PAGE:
To make air cargo more secure, stakeholders need to achieve closer cooperation and current governmental regulations must be harmonized to prevent redundancies, according to the International Air Transport Association’s Chief Executive Officer Tony Tyler.
In a speech during the organization’s Secure Freight Forum in Geneva, Tyler, who was pushing the organization’s Secure Freight program, also called for cooperation between nations and a long-term commitment among all parties involved in air cargo security.
“Success in security comes through developing and applying global standards, and this will require a team effort from across the whole industry and with government,” Tyler said during the speech. “It is a common goal. But we can only achieve it if we are aligned in our understanding of the issues and our approach to mitigating them.”
IATA has successfully carried out its Secure Freight pilot program, a test that wraps all of these important issues together, in eight locations around the world. The program is tailored to each country, developed individually from security standards championed by the International Civil Aviation Organization. In Malaysia, for instance, a Secure Freight case study found that implementation could lead to a savings of $350 million to $650 million each year.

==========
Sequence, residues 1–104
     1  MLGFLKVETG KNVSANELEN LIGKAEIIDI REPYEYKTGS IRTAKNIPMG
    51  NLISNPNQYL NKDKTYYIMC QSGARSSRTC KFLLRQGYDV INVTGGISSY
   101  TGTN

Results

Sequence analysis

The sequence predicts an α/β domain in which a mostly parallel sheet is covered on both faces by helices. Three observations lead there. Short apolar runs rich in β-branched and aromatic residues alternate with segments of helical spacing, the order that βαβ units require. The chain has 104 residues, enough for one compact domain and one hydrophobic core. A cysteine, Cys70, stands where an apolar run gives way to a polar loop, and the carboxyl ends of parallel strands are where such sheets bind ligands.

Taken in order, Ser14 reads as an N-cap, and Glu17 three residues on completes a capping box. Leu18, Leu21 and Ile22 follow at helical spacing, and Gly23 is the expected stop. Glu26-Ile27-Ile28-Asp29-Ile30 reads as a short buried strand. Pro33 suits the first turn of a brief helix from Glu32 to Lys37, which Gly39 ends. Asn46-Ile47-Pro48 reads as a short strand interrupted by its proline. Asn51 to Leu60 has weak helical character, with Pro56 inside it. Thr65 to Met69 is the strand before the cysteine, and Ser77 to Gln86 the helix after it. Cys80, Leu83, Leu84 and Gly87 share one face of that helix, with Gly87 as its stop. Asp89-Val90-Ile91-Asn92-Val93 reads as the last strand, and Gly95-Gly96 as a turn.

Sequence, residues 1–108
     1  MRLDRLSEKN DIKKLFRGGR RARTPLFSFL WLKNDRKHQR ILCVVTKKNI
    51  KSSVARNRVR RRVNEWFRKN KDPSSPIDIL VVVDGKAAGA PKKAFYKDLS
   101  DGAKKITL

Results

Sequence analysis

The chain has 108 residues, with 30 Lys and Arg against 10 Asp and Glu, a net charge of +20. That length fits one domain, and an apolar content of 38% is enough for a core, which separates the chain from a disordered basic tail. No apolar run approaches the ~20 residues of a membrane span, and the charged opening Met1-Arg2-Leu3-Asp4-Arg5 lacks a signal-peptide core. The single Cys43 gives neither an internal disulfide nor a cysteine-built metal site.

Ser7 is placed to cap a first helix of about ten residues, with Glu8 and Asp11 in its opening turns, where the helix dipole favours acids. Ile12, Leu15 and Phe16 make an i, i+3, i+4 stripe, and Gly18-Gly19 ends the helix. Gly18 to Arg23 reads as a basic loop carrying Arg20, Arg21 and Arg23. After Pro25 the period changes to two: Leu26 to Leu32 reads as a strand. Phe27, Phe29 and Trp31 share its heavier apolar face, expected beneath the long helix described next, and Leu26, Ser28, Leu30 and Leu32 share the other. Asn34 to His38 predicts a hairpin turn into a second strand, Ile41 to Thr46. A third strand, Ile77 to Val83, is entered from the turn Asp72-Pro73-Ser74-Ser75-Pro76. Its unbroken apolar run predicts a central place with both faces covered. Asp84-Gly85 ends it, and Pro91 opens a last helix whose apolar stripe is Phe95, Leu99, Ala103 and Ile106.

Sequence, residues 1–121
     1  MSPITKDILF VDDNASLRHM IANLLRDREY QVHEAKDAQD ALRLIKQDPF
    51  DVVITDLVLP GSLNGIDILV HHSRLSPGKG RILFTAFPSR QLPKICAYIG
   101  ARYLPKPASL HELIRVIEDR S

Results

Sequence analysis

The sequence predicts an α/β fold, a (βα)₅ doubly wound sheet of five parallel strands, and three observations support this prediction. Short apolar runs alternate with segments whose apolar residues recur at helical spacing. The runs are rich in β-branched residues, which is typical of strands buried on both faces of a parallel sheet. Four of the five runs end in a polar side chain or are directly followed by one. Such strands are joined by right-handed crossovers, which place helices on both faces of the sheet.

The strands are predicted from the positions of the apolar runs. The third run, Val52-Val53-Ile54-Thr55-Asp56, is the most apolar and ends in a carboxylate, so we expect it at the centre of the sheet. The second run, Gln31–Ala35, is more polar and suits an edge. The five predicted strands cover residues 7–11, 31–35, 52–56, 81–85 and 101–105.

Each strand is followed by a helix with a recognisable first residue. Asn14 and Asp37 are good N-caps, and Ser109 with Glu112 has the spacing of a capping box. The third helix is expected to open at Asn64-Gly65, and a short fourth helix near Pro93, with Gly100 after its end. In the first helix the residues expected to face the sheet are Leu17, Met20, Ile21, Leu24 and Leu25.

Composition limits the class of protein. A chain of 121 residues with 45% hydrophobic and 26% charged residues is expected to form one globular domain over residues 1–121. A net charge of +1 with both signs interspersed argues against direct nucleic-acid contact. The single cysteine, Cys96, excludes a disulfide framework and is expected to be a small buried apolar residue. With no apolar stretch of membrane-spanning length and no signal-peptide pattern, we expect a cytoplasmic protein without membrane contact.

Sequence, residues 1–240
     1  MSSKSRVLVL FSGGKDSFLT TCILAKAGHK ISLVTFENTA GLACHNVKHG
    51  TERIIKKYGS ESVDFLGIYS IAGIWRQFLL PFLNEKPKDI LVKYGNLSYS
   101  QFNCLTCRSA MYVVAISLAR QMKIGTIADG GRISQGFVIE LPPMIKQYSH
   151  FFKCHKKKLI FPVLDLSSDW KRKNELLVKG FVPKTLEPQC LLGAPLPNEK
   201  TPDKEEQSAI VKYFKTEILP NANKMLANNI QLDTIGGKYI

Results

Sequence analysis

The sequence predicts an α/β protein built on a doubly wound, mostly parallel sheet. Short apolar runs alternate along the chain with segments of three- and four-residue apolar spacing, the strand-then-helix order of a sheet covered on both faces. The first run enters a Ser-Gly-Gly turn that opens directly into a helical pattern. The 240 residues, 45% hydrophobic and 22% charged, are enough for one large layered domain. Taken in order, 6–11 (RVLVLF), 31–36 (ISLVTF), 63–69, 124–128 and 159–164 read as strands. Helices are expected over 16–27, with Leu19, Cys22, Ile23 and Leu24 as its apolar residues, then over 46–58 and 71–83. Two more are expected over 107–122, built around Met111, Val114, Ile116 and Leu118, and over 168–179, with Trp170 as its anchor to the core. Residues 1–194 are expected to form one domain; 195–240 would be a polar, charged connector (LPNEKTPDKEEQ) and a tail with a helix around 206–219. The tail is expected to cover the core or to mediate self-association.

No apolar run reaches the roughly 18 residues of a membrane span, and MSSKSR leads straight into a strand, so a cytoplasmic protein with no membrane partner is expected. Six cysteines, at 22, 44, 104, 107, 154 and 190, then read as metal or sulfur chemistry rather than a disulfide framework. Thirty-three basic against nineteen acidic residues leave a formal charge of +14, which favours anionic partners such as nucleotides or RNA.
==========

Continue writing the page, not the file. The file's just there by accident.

Tyler cautioned, though, that a change in the industry’s security measures won’t come overnight, but the changes outlined in the pilot program need to be implemented in order to ensure the health of the air cargo industry.
“Our challenge is to build momentum for the development of harmonized and effective cargo security regimes,” he said. “Secure Freight can play an important part in this with the development of its network and the implementation and sharing of best practices with common standards for both industry and regulators.” - Jon Ross